Council will meet by video as emergency


Photo by Erin Achenbach

Seventh District Councilman Mark Harder and 3rd District Councilman Tim Fitch at a May 2019 meeting.

By Gloria Lloyd, News Editor

The St. Louis County Council is scheduled to meet for the first time ever by video this week after a state of emergency was declared at all levels of government due to the coronavirus, or COVID-19. The council was set to meet Tuesday night — after The Call went to press.

Council Chairwoman Lisa Clancy, D-Maplewood, called an emergency meeting of the council Friday to pass new rules that allow the council to meet by video due to emergencies like the current pandemic.

No one from the public was allowed to attend the 10-minute emergency meeting.

Six council members attended in person, sitting 6 feet apart on the dais as is officially recommended by the Centers for Disease Control to combat the spread of the novel coronavirus, which had infected 55 St. Louis Countians by week’s end.

County Clerk Diann Valenti stood at the podium where the public typically stands to make comments, which is 6 feet away
from the dais. Third District Councilman Tim Fitch, R-Fenton, attended by phone.

Other cities like Green Park have canceled all city meetings for the next month.

But the county requires the council to meet a certain number of times a year, only allowing for roughly four weekly meetings to be missed for any reason.

Now council members will be able to meet by videoconference, with the public submitting written comments that will be read aloud during the meeting by the county clerk.

“It is essential that the legislative branch of county government continues to function,” Clancy said, but at the same time the council has to deal with “this new reality in which we now find ourselves.”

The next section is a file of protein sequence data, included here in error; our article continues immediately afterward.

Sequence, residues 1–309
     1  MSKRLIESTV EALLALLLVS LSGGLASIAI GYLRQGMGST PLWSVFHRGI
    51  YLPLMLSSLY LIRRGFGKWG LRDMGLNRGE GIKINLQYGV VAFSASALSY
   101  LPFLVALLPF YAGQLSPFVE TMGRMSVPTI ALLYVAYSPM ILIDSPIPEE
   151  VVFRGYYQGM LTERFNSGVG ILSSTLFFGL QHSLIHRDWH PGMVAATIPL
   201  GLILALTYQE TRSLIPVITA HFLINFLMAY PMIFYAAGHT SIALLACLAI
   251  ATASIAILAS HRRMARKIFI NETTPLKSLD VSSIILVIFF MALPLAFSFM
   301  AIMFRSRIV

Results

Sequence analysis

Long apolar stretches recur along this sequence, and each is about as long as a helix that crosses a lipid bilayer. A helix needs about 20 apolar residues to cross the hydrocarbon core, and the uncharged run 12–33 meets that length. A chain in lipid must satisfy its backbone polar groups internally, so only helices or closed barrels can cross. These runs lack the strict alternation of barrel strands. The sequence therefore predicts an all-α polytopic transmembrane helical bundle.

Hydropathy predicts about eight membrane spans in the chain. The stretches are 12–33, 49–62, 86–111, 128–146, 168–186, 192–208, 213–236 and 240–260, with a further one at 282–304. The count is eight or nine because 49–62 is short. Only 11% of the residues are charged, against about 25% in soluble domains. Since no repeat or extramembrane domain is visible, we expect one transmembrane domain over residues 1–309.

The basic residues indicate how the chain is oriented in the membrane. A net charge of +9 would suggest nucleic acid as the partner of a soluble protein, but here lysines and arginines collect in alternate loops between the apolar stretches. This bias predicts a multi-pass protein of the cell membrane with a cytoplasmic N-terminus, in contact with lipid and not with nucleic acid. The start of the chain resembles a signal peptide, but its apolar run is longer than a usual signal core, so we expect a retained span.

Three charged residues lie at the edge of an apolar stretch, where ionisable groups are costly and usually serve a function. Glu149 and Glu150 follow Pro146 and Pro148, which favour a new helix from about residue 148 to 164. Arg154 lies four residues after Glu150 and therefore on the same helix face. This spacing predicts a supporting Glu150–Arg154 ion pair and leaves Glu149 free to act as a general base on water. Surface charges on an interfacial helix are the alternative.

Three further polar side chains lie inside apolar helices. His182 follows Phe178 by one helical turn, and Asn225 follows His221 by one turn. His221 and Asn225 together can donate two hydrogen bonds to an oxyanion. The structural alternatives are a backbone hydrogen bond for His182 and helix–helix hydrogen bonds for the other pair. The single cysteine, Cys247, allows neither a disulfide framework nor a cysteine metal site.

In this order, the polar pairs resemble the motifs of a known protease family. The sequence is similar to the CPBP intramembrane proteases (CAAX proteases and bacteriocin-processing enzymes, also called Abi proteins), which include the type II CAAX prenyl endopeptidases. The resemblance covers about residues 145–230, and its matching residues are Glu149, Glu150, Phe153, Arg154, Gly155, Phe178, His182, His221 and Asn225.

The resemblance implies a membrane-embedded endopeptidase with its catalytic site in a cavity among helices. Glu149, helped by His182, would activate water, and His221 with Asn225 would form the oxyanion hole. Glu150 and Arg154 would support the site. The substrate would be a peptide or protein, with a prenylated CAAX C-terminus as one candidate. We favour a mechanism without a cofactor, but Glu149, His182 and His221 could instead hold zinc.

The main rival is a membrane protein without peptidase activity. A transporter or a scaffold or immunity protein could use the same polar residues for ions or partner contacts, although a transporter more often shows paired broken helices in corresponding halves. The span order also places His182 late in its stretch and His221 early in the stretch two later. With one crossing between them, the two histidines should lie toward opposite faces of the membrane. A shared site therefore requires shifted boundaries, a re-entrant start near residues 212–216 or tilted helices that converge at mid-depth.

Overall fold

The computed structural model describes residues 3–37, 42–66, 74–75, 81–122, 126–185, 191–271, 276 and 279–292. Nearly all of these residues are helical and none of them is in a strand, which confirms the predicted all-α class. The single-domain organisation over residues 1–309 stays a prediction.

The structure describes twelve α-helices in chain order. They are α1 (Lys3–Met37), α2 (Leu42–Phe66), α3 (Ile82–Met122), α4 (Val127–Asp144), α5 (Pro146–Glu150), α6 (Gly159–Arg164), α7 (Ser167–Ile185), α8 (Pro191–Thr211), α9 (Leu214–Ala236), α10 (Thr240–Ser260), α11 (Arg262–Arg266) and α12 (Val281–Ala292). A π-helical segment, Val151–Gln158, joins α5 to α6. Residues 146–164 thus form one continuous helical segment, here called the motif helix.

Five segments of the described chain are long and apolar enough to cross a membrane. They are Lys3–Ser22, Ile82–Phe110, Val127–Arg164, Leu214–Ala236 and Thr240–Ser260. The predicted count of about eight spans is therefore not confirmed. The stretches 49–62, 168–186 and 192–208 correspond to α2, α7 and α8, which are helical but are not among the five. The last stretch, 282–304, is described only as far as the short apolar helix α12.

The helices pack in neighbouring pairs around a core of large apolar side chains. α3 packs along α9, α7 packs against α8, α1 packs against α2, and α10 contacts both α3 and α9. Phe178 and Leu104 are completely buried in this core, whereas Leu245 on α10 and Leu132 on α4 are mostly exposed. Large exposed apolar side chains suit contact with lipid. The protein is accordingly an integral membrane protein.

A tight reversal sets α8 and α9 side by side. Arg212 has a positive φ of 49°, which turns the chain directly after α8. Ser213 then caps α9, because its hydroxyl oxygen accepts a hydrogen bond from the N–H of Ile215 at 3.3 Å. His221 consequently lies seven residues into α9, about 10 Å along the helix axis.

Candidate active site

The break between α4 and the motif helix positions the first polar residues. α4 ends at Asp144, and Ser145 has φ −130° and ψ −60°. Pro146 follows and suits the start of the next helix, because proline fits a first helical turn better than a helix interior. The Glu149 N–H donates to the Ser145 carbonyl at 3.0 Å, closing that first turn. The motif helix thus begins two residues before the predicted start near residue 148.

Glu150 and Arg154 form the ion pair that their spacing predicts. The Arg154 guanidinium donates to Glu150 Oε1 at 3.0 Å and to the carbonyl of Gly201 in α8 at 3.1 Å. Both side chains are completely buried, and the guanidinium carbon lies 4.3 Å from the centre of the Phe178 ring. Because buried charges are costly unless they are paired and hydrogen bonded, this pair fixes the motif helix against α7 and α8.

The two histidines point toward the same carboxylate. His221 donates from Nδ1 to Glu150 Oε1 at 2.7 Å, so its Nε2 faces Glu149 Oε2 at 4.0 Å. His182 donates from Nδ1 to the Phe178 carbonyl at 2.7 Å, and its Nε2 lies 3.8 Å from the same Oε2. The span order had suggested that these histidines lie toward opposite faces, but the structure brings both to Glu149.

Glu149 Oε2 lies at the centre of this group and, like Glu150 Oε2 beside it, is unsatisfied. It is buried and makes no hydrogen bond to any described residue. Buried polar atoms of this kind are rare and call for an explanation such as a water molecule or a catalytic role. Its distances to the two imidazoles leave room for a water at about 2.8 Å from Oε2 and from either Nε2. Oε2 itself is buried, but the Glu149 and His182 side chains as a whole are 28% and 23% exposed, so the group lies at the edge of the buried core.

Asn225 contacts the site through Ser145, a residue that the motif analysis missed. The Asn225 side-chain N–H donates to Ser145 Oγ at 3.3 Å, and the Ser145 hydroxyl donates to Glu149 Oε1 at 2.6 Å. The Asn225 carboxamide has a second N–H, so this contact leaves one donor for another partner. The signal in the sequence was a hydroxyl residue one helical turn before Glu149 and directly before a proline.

Sixth District Councilman Ernie Trakas, R-Oakville, applauded Clancy “for her leadership and tireless efforts” to make the emergency legislation happen on what was supposed to be the council’s spring break week.

“It is incumbent on this council to be ever vigilant in assuring that its actions do not encroach on civil liberties guaranteed by our Constitution,” Trakas said. “A real and present conflict exists between the enforcement of public health measures and an infringement of individual rights and liberties those measures carry with them.”

Rep. Jim Murphy objected that Friday’s meeting wasn’t given 24 hours’ notice.

The council originally offered legislation that would allow written public comments that would not be read at the meetings.

After frequent commenter Tom Sullivan of University City objected, the final version of the legislation changed.

The meeting will not be livestreamed on the council’s YouTube page, but will be streamed by phone. To listen at 6:30 p.m. Tuesday, call 1-415-655-0001 and use the access code 473-599-239 to connect to a listener-only line.

Comments are read that were submitted to up to an hour before the meeting.